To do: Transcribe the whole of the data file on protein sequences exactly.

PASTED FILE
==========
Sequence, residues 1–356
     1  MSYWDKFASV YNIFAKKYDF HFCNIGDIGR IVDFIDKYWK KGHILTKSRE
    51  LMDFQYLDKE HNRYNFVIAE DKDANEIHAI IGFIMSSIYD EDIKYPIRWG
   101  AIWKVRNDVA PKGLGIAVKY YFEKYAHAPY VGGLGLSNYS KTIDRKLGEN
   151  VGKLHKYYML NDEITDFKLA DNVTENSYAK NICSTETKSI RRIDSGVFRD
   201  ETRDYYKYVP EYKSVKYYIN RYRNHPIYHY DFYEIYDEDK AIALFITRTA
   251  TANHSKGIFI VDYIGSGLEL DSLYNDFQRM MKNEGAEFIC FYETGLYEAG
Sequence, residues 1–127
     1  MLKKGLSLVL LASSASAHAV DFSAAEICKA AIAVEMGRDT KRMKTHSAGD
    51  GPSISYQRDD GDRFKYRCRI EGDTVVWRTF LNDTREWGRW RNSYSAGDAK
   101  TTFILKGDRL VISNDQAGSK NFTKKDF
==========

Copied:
Sequence, residues 1–356
     1  MSYWDKFASV YNIFAKKYDF HFCNIGDIGR IVDFIDKYWK KGHILTKSRE
    51  LMDFQYLDKE HNRYNFVIAE DKDANEIHAI IGFIMSSIYD EDIKYPIRWG
   101  AIWKVRNDVA PKGLGIAVKY YFEKYAHAPY VGGLGLSNYS KTIDRKLGEN
   151  VGKLHKYYML NDEITDFKLA DNVTENSYAK NICSTETKSI RRIDSGVFRD
   201  ETRDYYKYVP EYKSVKYYIN RYRNHPIYHY DFYEIYDEDK AIALFITRTA
   251  TANHSKGIFI VDYIGSGLEL DSLYNDFQRM MKNEGAEFIC FYETGLYEAG
Sequence, residues 1–127
     1  MLKKGLSLVL LASSASAHAV DFSAAEICKA AIAVEMGRDT KRMKTHSAGD
    51  GPSISYQRDD GDRFKYRCRI EGDTVVWRTF LNDTREWGRW RNSYSAGDAK
   101  TTFILKGDRL VISNDQAGSK NFTKKDF